143:29:28 Cernan: Yeah. Yeah, let me get that little piece, anyway, to start with.

MP3 Audio Clip ( 16 min 41 sec )

143:29:35 Schmitt: (Grabbing the fragment with the scoop) Got it.

    [Gene hits the east face twice more.]

143:29:38 Cernan: There's two more pieces.

143:29:40 Schmitt: Okay.

143:29:41 Cernan: Before we cover them up, let's get them. I got to get a sample of that mother rock.

    [Jack gets one of the fragments, flexing a knee so that he can get low and skim it off of the surface with the scoop blade.]

143:29:47 Cernan : Okay, there you go. The other one's right there. (Pause)

143:29:53 Schmitt: Okay.

143:29:54 Cernan: Now, Let me see if I can't get a sample...

143:29:55 Schmitt: Want to try to hit that one more time. I think we've got another one coming there.

    [Gene takes two whacks on an east corner.]

143:30:01 Cernan: There's another little one. (Pause)"

   
« Last Edit: May 31, 2011, 12:04:38 am by Tom128 »

Tom128

  • IOTW posters
  • Hero Member
  • *
  • Posts: 677
Re: The Sound of Hammering on the Moon with Apollo 12
« Reply #11 on: May 30, 2011, 06:13:54 pm »
Once one starts looking for the sound conductivity effect in the Apollo voice communications, as the astronauts were performing their tasks on the Moon, it seems to be more of a common occurrence than an unusual exception. Perhaps there was not more discussion about sound conductivity in the past due to all the Lunar conspiracy theories about fake Moon landings that seemed to have hounded Apollo until the arrival of LRO.

I'll leave you with this example from Apollo 15 during the deployment of the ASLEP.  There are no doubt numerous other examples in the audio-video clips from the Apollo missions.



Cmdr. Dave Scott in the lunar rover at ASLEP station. http://www.hq.nasa.gov/alsj/a15/AS15-85-11471.jpg

This short video clip below is a great example of sound conductivity as Dave Scott throws the heat flow dust cover and then falls over.


Journal Text: 124:47:53      QuickTime Video Clip: (43 seconds; 525KB) by Peter Dayton .

"Dave decides to play with low gravity, but it plays with him. Holding the heat flow experiment (HFE) dust cover in his left hand, he bends sharply to his right and uses the universal handling tool to pick up the HFE pallet. Moving a few feet to the right and transferring the pallet to his left hand, he invites capcom Joe Allen to watch as he performs “a demonstration”. He twists and flings the pallet and dust cover into the air but, while they fly off-camera, he loses his balance and falls onto his right arm, extended to the ground to break his fall. The recovery is more spectacular than the fall. His twisting momentum carries him round and he manages to bounce back up from his extended arm off the ground, twisting up to a standing position. The camera pans left and finds Jim at the rover.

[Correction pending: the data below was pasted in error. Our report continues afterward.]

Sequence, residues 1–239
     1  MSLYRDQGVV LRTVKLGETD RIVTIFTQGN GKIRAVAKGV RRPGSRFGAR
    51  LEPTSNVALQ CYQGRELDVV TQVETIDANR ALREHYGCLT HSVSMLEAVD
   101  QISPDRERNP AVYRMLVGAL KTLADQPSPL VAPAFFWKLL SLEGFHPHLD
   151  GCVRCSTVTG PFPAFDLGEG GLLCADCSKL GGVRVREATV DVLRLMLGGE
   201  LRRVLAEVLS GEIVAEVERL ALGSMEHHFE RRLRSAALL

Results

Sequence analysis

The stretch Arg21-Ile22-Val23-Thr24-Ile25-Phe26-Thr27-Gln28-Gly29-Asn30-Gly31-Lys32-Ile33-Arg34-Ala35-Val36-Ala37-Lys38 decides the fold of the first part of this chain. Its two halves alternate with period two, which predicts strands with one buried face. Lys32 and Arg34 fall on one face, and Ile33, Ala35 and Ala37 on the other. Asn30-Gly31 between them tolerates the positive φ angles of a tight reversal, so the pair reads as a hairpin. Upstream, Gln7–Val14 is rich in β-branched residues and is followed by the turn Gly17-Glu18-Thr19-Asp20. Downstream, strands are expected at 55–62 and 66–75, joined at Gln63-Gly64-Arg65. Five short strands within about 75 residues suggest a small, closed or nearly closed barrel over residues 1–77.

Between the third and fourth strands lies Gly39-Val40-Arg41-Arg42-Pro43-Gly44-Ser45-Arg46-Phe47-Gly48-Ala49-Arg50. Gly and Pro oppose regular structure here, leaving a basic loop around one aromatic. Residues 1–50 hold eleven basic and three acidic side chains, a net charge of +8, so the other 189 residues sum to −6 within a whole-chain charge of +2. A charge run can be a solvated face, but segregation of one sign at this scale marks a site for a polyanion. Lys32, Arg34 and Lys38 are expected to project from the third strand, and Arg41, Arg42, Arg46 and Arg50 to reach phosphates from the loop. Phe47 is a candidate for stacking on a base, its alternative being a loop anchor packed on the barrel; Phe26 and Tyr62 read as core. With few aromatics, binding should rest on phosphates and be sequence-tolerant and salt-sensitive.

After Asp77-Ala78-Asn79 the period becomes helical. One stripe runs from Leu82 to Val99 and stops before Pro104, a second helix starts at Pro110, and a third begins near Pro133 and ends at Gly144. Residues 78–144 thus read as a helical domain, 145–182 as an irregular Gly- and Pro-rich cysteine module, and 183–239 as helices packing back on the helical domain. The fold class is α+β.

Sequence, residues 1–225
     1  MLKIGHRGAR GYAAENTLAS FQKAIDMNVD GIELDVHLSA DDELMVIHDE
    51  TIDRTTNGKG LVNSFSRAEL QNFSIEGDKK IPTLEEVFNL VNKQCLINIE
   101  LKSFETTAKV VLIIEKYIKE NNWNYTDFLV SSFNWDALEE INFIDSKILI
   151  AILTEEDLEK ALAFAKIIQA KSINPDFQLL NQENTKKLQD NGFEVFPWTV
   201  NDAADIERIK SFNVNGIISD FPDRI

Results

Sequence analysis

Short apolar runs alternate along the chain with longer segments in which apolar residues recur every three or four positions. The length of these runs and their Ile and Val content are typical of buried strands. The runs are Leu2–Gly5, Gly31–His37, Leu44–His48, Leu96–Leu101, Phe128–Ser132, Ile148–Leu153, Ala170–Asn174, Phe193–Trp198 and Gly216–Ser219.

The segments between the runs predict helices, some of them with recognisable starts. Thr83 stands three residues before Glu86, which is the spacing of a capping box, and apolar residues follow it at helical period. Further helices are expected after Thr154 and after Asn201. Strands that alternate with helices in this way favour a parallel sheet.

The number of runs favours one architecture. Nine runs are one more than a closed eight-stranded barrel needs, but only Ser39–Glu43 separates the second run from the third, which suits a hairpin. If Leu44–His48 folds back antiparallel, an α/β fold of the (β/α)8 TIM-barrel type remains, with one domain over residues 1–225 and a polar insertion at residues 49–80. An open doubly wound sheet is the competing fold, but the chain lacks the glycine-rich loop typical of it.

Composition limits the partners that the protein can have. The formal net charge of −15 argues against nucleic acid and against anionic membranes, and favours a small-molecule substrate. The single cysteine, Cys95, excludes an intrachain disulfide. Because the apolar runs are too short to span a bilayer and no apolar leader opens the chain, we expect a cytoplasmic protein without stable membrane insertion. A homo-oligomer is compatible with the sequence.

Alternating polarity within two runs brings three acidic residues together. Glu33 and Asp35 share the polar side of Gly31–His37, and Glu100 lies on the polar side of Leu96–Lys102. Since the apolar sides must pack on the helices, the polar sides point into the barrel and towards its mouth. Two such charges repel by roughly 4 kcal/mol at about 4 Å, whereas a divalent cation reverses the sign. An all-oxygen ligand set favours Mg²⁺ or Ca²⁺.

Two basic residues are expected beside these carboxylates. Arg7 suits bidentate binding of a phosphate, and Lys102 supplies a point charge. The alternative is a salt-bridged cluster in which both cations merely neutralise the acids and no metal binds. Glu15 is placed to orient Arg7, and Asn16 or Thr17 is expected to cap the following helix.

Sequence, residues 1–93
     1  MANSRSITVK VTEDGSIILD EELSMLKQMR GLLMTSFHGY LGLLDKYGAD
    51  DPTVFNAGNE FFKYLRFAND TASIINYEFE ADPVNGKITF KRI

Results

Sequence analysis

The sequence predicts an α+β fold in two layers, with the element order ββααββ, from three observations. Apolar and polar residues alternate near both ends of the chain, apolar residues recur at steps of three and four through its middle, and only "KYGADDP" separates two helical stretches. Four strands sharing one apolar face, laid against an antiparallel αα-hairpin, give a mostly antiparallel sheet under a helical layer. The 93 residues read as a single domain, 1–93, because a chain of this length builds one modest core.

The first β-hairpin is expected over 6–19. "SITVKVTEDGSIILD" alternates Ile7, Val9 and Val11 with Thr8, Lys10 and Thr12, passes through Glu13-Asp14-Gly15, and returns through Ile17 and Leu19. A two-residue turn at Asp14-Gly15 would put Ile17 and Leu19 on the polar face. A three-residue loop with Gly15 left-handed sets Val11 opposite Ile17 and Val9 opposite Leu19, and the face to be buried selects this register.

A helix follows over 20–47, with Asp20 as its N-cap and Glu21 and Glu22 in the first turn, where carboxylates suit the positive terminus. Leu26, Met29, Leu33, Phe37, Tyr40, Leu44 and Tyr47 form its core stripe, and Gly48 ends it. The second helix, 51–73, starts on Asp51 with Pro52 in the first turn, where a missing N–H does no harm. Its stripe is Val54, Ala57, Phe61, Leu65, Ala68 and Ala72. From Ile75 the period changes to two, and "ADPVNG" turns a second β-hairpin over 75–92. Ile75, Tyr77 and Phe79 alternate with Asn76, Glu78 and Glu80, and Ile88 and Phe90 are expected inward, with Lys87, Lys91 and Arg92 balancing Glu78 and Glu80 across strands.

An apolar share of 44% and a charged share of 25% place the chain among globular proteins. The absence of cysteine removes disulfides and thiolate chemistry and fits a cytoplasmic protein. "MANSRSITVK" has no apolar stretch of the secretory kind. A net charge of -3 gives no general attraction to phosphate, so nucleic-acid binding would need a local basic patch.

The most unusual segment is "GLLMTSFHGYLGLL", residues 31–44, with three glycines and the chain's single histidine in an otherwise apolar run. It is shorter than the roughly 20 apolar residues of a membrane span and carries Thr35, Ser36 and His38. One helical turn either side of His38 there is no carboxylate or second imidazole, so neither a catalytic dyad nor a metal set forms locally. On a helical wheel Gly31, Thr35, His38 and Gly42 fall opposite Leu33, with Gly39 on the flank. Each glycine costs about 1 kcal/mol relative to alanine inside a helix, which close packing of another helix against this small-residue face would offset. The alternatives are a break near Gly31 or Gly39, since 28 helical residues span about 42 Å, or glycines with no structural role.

124:47:53 Scott: Now I'll give you a demonstration here, Joe. Got the TV on this pallet here?

124:48:01 Allen: Roger. Right on.

124:48:02 Scott: Here it goes. (Long Pause)

124:48:15 Allen: Spectacular demonstration!

124:48:20 Scott: Yeah. Oh well. Enough of that."
« Last Edit: June 05, 2011, 10:19:51 pm by Tom128 »

Tom128

  • IOTW posters
  • Hero Member
  • *
  • Posts: 677
Re: The Sound of Hammering on the Moon with Apollo 12
« Reply #12 on: June 05, 2011, 10:36:46 pm »
Here is an excellent example of sound conductivity in a short video clip of Apollo 16 LM Orion lifting off from the Lunar surface.



http://www.lpi.usra.edu/lunar/missions/apollo/apollo_16/overview/

Turn up your volume and enjoy the sights and sounds once again.  Wonderful!

http://vimeo.com/24693891

filminco

  • Newbie
  • *
  • Posts: 28
Re: The Sound of Hammering on the Moon with Apollo 12
« Reply #13 on: December 21, 2014, 12:40:35 pm »
This thread helped inspire our forthcoming feature documentary film NASA NOT SOUND. Here's the trailer at Youtube...

https://www.youtube.com/watch?v=QW0NJsMu8kg

downloadable at Vimeo

https://vimeo.com/114090787